Calderon retains title via tech. decision
NEW YORK -- For the second consecutive fight, Puerto Rico's Ivan "Iron Boy" Calderon saw his bout end inside the distance. But it wasn't because the light-hitting Calderon scored a knockout.
Instead, his junior flyweight defense against the Philippines' Rodel Mayol ended because an accidental head butt opened a severe gash on Calderon's forehead.
The bout was stopped at 1:50 of the sixth round and sent to the scorecards for a technical decision, which turned out to be a split draw, allowing Calderon to retain his title on Saturday night at Madison Square Garden, which was jammed with a heavily pro-Puerto Rican crowd there for Calderon and Miguel Cotto's welterweight title defense against Joshua Clottey on the eve of the annual National Puerto Rican Day Parade.
Judge Tony Paolillo had Calderon ahead 58-56, Tom Schreck had it 58-56 for Mayol and Steve Weisfeld had it 57-57. ESPN.com had Calderon ahead 58-56.
"I was coming in and he would go down low and that's when I got hit in the head," Calderon said. "I got cut and I got head butted again. The blood started to come and the referee [Benji Esteves] told me he might have to stop the fight. I said, 'That's your decision.' But I thought the fight was going the way I wanted it to go."
Calderon (32-0-1, 6 KOs), making his fourth defense of the 108-pound title after a five-year reign as the top strawweight (105) champion, had been out of action since August. That's when he retained the world title in a rematch against Hugo Cazares. But that one also ended with a brutal accidental head butt that left Calderon bleeding, resulting in a seven-round technical decision victory.
Calderon, a southpaw, and Mayol (25-3-1, 19 KOs), a right-hander, accidentally clashed heads in the fourth round, leaving both of them trying to shake it off. But their accidental head butts were worse in the fifth round.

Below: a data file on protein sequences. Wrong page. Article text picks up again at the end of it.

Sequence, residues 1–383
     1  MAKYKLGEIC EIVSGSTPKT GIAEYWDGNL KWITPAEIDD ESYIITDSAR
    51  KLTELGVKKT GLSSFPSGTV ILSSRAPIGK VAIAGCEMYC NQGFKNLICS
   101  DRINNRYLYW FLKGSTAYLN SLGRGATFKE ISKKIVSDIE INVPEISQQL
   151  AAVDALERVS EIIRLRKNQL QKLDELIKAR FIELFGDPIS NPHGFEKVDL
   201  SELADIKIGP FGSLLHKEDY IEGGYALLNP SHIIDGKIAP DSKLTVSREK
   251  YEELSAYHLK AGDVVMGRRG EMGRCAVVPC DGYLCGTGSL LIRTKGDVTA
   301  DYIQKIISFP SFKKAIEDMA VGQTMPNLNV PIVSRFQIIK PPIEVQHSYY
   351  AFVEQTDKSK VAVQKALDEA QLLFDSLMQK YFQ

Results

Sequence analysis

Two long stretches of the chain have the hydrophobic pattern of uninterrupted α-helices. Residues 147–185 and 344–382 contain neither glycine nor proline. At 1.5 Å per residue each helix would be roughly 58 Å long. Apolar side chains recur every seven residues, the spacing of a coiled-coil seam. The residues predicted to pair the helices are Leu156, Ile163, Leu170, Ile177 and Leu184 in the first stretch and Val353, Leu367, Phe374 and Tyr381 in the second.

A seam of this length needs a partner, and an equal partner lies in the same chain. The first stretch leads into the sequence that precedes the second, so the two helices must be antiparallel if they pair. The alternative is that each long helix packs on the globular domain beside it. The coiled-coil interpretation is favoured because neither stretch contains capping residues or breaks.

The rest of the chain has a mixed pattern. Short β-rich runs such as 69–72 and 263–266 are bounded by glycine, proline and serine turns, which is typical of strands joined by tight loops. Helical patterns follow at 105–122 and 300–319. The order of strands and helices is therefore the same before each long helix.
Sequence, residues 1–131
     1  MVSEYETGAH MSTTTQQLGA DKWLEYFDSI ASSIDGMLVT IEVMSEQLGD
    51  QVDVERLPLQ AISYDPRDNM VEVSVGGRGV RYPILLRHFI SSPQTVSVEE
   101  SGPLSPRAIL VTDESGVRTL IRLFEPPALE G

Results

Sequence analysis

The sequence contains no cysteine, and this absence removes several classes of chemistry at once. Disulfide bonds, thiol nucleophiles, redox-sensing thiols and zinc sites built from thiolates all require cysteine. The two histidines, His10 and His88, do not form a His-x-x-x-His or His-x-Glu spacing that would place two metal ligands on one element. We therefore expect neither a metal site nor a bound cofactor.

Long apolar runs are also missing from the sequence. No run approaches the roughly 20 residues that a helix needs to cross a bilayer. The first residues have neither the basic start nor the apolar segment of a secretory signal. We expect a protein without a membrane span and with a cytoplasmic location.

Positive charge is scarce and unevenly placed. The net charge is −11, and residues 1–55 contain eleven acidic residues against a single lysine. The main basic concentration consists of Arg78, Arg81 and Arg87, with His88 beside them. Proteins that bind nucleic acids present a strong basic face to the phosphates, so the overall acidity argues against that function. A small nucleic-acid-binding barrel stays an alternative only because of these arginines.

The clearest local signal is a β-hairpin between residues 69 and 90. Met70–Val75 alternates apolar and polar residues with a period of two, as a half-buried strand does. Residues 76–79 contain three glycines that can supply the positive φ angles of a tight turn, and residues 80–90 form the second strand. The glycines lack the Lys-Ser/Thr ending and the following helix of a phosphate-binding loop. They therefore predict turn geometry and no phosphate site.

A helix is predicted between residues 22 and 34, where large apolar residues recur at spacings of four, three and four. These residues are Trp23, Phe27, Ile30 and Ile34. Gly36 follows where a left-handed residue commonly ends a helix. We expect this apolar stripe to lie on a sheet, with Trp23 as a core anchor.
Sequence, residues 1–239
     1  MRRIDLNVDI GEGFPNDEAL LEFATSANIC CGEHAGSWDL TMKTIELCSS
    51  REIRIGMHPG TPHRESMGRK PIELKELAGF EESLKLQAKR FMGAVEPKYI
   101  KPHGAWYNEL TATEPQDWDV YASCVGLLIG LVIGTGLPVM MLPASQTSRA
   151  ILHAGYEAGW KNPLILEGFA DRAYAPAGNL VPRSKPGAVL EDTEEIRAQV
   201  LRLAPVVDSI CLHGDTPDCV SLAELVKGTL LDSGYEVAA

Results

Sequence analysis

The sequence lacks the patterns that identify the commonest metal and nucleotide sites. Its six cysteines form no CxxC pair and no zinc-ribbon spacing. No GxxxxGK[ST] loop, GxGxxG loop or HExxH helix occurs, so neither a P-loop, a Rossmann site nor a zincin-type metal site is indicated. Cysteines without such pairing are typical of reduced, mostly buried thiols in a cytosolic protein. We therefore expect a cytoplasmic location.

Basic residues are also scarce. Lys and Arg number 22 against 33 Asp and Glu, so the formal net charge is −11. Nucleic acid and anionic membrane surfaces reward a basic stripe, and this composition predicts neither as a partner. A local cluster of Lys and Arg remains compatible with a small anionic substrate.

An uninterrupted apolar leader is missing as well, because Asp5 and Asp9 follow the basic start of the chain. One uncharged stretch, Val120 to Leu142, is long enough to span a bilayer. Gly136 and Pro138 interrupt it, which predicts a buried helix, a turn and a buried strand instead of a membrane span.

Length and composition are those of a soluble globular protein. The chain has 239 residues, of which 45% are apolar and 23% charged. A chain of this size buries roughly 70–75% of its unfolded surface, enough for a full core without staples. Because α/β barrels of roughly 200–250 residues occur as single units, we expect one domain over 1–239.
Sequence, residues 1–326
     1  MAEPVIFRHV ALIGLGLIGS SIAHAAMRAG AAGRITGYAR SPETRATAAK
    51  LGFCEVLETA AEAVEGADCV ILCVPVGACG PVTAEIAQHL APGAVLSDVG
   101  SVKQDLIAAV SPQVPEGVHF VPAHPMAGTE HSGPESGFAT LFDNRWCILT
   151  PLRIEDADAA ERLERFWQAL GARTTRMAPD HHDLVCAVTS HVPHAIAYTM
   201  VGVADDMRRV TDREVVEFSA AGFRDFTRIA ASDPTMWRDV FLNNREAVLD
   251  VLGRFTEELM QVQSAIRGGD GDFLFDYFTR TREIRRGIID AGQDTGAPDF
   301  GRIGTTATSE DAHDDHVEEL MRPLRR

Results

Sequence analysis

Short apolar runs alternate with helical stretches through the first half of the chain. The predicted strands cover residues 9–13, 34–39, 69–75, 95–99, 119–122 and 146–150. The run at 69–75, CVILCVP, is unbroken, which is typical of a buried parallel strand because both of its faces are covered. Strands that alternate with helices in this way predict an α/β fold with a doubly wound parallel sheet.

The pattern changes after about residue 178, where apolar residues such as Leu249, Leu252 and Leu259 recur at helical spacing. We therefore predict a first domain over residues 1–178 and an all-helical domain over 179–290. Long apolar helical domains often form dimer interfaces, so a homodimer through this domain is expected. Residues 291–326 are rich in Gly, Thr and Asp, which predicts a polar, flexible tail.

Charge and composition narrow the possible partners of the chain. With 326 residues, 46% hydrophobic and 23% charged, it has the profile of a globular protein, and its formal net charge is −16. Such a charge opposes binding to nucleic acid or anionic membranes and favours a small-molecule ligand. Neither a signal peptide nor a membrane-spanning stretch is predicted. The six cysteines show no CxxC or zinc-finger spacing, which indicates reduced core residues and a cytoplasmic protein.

After a particularly bad one, Calderon emerged with a bad cut on his forehead. It was in a similar position as the cut he suffered against Cazares, which landed Calderon on the medically suspended list in Puerto Rico for the rest of 2008.
A second clash of heads moments later left both fighters again shaking their heads in pain and trying to clear the cobwebs. Esteves called time and had ringside physician Dr. Robert Polofsky examine Calderon for the second time in the round, but the bout was allowed to continue.
Calderon, 34, known for his defensive style and lack of aggression, showed a new side to his game as he started to stalk Mayol.
But another head butt in the sixth round forced Esteves to have the doctor check Calderon again, and this time the fight was stopped and sent to the scorecards.
"I'm very disappointed. I thought I won the fight," Mayol said. "As soon as he heals up, I hope they let me fight him again."
It was the third world title fight for Mayol, 27, who dropped to 0-2-1. He lost a close decision to then-strawweight titleholder Eagle Kyowa in 2006 in Japan. In 2007, in his only other fight in the United States, Mayol met then-junior flyweight titlist Ulises Solis and was knocked out in the eighth round in Rosemont, Ill.
Korobov wins easily
Blue chip middleweight prospect Matvey Korobov (6-0, 5 KOs) went the distance for the first time as a professional but easily outpointed Loren Myers (7-3, 2 KOs) of Fresno, Calif.
Korobov, 26, was a two-time world amateur champion and 2008 Russian Olympian before relocating to Florida to join his parents, who had moved to America in 1998 and left their son in Russia to continue training in a Russian sports academy with an eye on the Olympics.
Top Rank and manager Cameron Dunkin signed Korobov after the Olympics and view him as their best prospect.
Korobov hit Myers with everything throughout the fight, but Myers showed a very good chin in absorbing the blows and never looked like he was on the verge of going down.
Korobov will be back in action quickly. Top Rank has scheduled him to fight June 27 in Atlantic City, N.J., on the undercard of Juan Manuel Lopez's junior featherweight title defense against Olivier Lontchi.
Dan Rafael is the boxing writer for ESPN.com.
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